Opsonophagocytic antibodies (OPA) are likely more important in mediating protection against invasive disease.1,2 At the end-of Phase 2 Meeting on 11 May, 2006, both CBER and Wyeth agreed that OPA is an important measure of functional immune response and CBER strongly recommended that it be evaluated as a secondary endpoint in the non-inferior evaluation of Prevnar 13 vaccine.  CBER has continued to view use of OPA as an important endpoint in the pivotal immunogenicity study, even though CBER has referred to OPA as a secondary endpoint and Wyeth has referred to OPA as an exploratory endpoint.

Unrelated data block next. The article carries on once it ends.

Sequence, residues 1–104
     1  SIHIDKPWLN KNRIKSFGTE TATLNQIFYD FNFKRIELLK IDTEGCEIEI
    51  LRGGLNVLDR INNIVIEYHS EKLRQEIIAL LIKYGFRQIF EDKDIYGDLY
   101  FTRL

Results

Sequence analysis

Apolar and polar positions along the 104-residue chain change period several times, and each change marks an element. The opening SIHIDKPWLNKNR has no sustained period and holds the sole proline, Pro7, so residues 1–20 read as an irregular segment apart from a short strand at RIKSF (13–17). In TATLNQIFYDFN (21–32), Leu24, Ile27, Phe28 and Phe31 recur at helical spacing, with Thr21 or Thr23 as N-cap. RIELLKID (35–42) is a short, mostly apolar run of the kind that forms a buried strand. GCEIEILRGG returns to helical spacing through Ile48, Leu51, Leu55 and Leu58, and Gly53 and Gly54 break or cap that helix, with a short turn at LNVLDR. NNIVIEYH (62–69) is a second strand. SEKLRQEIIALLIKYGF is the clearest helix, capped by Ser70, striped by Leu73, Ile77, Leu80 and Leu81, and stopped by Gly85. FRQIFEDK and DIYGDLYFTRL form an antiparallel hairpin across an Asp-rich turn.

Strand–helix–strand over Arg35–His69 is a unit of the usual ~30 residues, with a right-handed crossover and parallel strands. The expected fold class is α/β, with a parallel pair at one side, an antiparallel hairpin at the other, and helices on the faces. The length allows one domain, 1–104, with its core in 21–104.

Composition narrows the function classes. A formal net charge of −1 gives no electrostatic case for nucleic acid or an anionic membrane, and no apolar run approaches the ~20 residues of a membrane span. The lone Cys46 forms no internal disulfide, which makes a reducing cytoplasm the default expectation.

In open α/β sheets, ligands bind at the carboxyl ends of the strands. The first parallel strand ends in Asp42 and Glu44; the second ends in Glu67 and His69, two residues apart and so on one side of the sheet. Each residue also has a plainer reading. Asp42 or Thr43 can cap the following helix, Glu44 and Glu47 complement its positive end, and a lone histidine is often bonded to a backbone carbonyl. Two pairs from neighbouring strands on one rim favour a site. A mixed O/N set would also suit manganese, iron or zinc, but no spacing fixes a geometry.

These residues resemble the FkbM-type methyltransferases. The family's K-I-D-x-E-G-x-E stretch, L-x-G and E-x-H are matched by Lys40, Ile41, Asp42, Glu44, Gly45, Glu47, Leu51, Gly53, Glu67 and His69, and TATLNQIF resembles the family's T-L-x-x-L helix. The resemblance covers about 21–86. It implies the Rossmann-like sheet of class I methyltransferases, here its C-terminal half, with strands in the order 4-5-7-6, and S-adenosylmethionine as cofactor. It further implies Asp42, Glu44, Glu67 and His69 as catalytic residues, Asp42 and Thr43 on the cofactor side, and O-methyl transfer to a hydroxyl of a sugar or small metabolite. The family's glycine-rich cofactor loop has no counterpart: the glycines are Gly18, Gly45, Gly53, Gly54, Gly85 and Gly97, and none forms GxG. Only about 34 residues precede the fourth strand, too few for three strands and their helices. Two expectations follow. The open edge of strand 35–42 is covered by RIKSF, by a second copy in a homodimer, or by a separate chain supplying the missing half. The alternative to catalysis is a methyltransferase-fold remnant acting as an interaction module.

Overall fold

As with IgG, the OPA titer that correlates with protection has not been determined.  Nevertheless, Prevnar 13 elicited OPA titers ≥1:8 after 3 doses in 96% of infants, and a Geometric Mean Titer (GMT) of 121.  After the toddler Dose 4, the OPA GMT increased to 380, a 3.1-fold increase, a fold-rise increase greater than that observed with serotypes 6A and 7F; this finding is consistent with a memory response.  Thus, it is reasonable to include serotype 3 in the Indications for Prevnar 13 because the vaccine elicits functional antibodies that will likely protect against invasive pneumococcal disease. 

Importantly, the applicant plans to monitor serotype-specific IPD rates post licensure.  Such post-marketing surveillance studies will examine serotype 3-specific disease rates over time and other measures of vaccine effectiveness against serotype 3.

2.  Otitis Media